|The main purpose of this movie is to make people laugh. Topless women, genital jokes, and tranquilizer darts are all included in Old School for your viewing pleasure. Though it's questionable what type of people will find this movie entertaining. It does not travel far enough in the gross out direction to really make the audience cover its eyes in disgust. But neither is the comedy very intelligent, eliminating the value this picture might have for more "high minded" individuals. The picture just stumbles around somewhere between the two extremes.|
Really, the one entertaining piece of this film is the performance of the naturally funny Will Ferrell. His enthusiasm for his part and the dialogue he utters (much of which feels improvised, to his character's benefit), should ensure that at least a few minutes of this film are worthwhile. But it is amazing how entirely agitating Vince Vaughn is in this film. He's proved in the past that he has the ability for successful comedy and drama, but this role just doesn't do him justice. From the first frame, Vaughn is the type of character you just want to shove into a trash bin and stamp on. Excepting a single joke around the first turning point of the film (involving the words "headphones" and a child), Vaughn is never once entertaining. He's just annoying.
And for being one of the main characters in the film, the usually effective Luke Wilson gives what can only be termed a flaccid performance. Lackluster if anything and completely without humor, Wilson's casting in this role is questionable. He doesn't even seem like he should be in the movie as he has no chemistry with any of the players. And in further casting (or screenwriting, rather) mistakes, Jeremy Piven (as a college dean) and Andy Dick (as a blow job instructor) are both unforgivably under-used and each show up in only a precious few scenes.
Perhaps it is better for both of those actors' careers that their roles in this film don't go beyond a few scenes. Taking jobs in a film directed by the creator of the horrific Road Trip (an example of gross-out humor that doesn't work either) seems to have been a brave, though somewhat foolhardy move on both their parts. Director Todd Phillips has yet to create an enjoyable film, and it's a mystery as to why he has continuously been blessed with helming feature films. Given the scattered nature of the character development in this film (not that one should be looking for such a thing), it's questionable as to whether Phillips was even on the set during filming.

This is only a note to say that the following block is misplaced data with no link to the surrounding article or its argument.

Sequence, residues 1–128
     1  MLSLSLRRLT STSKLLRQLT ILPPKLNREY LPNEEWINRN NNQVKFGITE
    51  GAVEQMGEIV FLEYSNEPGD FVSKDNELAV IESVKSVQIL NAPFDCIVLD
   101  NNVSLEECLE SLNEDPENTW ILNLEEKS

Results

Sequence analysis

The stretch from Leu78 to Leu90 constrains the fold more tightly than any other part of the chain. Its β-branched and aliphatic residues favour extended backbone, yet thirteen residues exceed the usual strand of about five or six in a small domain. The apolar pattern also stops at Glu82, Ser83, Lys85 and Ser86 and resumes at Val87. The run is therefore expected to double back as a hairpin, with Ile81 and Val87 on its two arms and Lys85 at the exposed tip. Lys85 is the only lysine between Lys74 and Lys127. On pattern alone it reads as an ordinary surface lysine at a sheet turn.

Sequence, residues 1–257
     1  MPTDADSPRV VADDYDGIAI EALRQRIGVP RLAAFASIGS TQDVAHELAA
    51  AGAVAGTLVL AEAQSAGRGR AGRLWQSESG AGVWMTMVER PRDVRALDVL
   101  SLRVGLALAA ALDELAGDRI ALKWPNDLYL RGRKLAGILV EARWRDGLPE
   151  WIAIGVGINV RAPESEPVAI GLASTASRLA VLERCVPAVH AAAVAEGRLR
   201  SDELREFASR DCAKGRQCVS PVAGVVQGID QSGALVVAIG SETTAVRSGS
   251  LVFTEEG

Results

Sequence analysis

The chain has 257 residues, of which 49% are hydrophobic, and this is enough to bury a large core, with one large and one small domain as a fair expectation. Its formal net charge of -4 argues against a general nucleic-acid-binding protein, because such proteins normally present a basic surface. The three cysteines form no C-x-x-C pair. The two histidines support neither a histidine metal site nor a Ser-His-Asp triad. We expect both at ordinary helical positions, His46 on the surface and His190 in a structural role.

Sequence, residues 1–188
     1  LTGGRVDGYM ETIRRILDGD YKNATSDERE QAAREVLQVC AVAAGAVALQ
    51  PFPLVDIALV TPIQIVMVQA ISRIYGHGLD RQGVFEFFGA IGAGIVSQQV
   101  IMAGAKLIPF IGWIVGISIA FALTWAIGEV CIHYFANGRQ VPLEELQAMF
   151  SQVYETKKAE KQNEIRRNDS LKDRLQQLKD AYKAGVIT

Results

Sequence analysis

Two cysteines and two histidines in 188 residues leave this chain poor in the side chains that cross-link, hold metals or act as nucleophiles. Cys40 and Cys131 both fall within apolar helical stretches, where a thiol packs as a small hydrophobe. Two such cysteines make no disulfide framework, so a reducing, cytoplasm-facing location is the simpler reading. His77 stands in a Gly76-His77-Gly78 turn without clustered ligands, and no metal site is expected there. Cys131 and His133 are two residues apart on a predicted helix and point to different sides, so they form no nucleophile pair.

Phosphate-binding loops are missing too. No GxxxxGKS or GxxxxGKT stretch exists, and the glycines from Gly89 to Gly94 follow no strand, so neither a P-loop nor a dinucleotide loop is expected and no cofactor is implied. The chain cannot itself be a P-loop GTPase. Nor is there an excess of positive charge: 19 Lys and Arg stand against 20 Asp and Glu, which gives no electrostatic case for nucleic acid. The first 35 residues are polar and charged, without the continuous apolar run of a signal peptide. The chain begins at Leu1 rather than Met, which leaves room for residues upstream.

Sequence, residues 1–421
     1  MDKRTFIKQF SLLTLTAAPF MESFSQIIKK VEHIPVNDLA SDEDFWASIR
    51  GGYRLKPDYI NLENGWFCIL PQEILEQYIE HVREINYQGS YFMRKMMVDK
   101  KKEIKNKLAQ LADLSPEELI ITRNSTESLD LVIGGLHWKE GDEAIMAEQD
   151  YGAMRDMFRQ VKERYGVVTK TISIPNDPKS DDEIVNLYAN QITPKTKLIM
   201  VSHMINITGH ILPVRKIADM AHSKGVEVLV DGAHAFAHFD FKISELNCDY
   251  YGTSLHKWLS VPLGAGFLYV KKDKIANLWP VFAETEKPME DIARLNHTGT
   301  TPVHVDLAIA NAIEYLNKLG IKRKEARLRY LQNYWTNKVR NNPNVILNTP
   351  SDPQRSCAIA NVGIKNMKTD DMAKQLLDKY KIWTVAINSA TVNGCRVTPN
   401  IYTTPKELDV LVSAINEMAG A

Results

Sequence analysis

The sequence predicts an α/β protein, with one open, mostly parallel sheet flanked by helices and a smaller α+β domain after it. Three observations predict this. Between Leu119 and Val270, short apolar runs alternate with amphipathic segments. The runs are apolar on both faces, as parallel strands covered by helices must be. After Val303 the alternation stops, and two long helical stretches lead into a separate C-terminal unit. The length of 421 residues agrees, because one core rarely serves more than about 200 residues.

Mired in scene after scene of comedy that has nothing to do with plot or character, Old School meanders around hopelessly like a train without a set of tracks. The sequences of stupid college boys doing the stupid things college boys do just aren't funny. And although Will Ferrell owns the screen every moment he's on it, he's not featured enough in the film to make the overall experience satisfying. If anything, the only benefit to this film was Ferrell's inclusion in the cast. There was certainly no concerted effort to create really base, offending humor (which can be terrifically funny; just witness the first "American Pie" movie).
And it's almost laughable (in a purely ironic way) how the director attempted to include some meaningful discourse on male and female relationships. For a few split seconds in various scenes, there is an emphasis on the emotional effects of "men behaving badly" and how both sexes suffer when a relationship isn't going smoothly. But given that the performances in these pseudo-serious scenes aren't pulled off realistically, the audience has no choice but to rely on the brainless macho man humor of drunk college frat boys (which is lacking in its quantity anyway), for entertainment.
One wonders how a movie so lacking in comedic enjoyment can make it to the screen without falling into the black hole of direct-to-video feature film. Because that's exactly where this picture belongs. There are far too many instances when the fast-forward button is needed to create complete viewer enjoyment. By sitting in the theater an audience member eliminates the ability to bypass unfunny scenes and therefore prolongs his or her torture. The fact that this type of stupid humor can be hilarious is not under dispute here. In most respects, this film is a Will Ferrell Fest and all other comedians need not apply.
Review by Kelsey Wyatt.